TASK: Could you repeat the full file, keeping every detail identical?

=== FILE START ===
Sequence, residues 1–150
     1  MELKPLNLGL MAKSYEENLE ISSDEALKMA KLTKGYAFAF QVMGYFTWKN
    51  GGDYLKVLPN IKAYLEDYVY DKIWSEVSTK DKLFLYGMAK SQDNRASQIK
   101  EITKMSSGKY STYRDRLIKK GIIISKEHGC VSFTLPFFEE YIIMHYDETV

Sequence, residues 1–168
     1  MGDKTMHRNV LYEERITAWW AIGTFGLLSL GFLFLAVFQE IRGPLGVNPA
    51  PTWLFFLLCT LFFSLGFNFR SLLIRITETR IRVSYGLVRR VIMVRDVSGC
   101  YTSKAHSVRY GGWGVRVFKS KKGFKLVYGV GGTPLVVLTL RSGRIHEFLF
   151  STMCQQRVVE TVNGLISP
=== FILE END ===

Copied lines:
Sequence, residues 1–150
     1  MELKPLNLGL MAKSYEENLE ISSDEALKMA KLTKGYAFAF QVMGYFTWKN
    51  GGDYLKVLPN IKAYLEDYVY DKIWSEVSTK DKLFLYGMAK SQDNRASQIK
   101  EITKMSSGKY STYRDRLIKK GIIISKEHGC VSFTLPFFEE YIIMHYDETV

Sequence, residues 1–168
     1  MGDKTMHRNV LYEERITAWW AIGTFGLLSL GFLFLAVFQE IRGPLGVNPA
    51  PTWLFFLLCT LFFSLGFNFR SLLIRITETR IRVSYGLVRR VIMVRDVSGC
   101  YTSKAHSVRY GGWGVRVFKS KKGFKLVYGV GGTPLVVLTL RSGRIHEFLF
   151  STMCQQRVVE TVNGLISP